"So much for the promise of hope, change and bipartisan unity", the AP noted. "To win a second term, the Democrat who once pledged to usher in a more civilized political era has turned to highly critical commercials — at turns personal and snarky."
The AP goes on to say:
There was never any doubt that Obama would run hard-hitting ads.It is worthy to note the mainstream media's contradictory statements on Obama's campaign strategy:
For one, he's proven to be a cut-throat campaigner, having assailed Sen. John McCain on TV four years ago even as he cultivated an image as someone who always played above-board politics.
Democrats long have said Obama's best hopes for re-election may lie with disqualifying Romney given that the economy remains sluggish and the country is divided over or outright opposes some of the president's signature policies, like the health care law.
The president seemed to acknowledge his campaign's gamble in one of his newest TV ads.
"Sometimes politics can seem very small," Obama says, as he speaks reassuringly into the camera.
Obama advisers say they have little choice but to assail Romney in ads, both to raise questions about the former Massachusetts governor... and to deflect attention from the president's stewardship of the economy. The campaign's ad spending has totaled about $100 million so far, most of it on negative ads. Democratic independent groups... have kicked in another $20 million for advertising, almost all of it trashing Romney.
To that end, the Obama campaign has sought to make Romney an unacceptable alternative...
Bob Shrum, a Democratic strategist..., said Obama could not rest on a good guy image....
"'Obama the positive uniter' is not in the cards at this point," said Shrum.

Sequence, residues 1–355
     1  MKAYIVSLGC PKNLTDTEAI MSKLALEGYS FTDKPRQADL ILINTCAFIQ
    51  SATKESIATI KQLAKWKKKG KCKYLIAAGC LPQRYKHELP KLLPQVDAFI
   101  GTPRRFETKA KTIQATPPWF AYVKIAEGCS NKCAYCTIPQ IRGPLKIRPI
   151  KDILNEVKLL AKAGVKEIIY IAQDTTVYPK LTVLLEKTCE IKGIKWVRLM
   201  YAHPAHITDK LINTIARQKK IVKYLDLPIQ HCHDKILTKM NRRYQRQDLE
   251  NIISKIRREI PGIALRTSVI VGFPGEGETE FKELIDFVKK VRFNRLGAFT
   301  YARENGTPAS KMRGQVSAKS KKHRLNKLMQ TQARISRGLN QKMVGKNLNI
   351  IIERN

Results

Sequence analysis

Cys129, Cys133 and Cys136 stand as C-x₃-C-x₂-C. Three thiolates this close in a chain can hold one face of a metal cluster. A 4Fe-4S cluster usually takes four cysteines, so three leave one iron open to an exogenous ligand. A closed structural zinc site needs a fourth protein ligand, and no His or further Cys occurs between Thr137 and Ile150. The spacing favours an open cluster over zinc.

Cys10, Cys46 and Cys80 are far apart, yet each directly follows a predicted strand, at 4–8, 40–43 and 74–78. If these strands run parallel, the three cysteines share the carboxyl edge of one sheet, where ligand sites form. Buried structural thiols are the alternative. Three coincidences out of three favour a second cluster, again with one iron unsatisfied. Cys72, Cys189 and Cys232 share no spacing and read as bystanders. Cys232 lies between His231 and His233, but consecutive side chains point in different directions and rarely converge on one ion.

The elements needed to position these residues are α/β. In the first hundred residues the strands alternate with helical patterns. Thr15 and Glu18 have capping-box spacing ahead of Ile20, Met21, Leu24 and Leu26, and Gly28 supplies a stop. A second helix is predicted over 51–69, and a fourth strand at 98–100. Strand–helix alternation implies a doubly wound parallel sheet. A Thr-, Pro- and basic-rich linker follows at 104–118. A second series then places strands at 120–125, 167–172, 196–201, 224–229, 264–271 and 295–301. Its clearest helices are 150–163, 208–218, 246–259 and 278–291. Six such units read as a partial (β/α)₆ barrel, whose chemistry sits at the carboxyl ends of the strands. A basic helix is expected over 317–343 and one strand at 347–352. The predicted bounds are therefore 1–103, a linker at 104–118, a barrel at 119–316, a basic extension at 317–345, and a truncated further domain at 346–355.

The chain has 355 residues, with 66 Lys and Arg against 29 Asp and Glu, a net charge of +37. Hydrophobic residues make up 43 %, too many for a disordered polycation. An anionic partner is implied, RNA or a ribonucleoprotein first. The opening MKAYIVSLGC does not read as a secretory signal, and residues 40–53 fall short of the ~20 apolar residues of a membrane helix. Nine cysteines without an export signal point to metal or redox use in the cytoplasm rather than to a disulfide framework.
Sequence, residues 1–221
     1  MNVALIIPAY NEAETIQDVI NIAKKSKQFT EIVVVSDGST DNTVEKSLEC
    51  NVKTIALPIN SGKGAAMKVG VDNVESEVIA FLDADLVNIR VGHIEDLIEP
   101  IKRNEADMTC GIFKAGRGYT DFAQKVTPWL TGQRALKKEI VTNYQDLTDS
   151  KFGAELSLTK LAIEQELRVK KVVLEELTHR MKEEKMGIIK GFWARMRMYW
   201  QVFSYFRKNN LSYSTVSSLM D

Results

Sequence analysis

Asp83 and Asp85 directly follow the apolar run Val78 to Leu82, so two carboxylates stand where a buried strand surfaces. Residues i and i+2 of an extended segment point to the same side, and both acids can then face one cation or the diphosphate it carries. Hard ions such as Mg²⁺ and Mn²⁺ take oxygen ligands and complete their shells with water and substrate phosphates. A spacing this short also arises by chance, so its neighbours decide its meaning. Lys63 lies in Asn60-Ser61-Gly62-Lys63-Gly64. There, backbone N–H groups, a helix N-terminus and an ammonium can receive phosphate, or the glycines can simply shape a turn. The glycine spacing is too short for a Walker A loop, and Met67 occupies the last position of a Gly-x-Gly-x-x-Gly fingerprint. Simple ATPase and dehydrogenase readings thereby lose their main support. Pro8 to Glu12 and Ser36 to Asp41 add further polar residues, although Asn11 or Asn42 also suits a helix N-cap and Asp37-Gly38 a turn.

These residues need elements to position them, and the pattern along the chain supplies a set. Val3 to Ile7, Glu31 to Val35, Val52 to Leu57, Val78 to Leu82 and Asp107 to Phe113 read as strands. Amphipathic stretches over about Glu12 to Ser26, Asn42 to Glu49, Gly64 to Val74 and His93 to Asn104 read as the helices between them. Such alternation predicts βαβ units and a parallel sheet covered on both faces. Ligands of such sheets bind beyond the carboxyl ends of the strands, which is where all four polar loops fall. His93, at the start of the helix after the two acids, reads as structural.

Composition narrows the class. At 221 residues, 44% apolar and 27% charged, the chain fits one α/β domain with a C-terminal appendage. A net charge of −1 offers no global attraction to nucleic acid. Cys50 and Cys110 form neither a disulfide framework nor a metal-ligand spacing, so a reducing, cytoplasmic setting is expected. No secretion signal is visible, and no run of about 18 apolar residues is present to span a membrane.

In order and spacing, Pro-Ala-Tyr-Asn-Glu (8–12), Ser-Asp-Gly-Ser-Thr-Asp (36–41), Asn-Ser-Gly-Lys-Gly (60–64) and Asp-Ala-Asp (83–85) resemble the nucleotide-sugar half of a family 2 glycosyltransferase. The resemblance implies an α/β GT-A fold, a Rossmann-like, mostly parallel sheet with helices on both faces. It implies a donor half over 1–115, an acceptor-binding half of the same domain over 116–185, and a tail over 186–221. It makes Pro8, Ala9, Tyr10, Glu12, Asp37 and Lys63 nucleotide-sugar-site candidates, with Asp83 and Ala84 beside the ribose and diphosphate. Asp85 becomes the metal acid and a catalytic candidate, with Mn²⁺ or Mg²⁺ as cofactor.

On one hand, Obama is said to have changed tactics since the 2008 campaign and to have suddenly resorted to negative campaigning. On the other hand, Obama was already a "proven... cut-throat campaigner," four years ago, "having assailed Sen. John McCain on TV."
Nevertheless, it is also worthy to note that Obama's campaign strategy, namely, his tactic of disqualifying his opponents, goes as far back as 1996, albeit Obama, at the time, was able to accomplish this feat without the negative ads.
While running for the Illinois State Senate in 1996, Obama, who had no record to run on, invalidated the voting petition signatures of three of his challengers [because of mere technicalities], which enabled him to run unopposed and to cruise to victory.
Chicago Tribune columnist, John Kass, noted about Obama's 1996 tactic: "That was Chicago politics. Knock out your opposition, challenge their petitions, destroy your enemy, right?... In that first race, [Obama] made sure voters had just one choice"
Hence, when the AP says, "Obama's best hopes for re-election may lie with disqualifying Romney" and that the President's "advisers say they have little choice but to assail Romney in ads... to deflect attention from the president's stewardship of the economy", it should come as no surprise: Obama had no record to run on in 1996, and he has no record to run on in 2012, hence he is simply doing what he knows best: attempting to disqualify his opponent.
However, since it is humanely impossible to invalidate Mitt Romney's voting petition signatures, the President has simply moved on to Plan B: he's running a negative campaign.
But of course, as the AP noted, Obama has already "proven to be a cut-throat campaigner, having assailed Sen. John McCain on TV four years ago even as he cultivated an image as someone who always played above-board politics."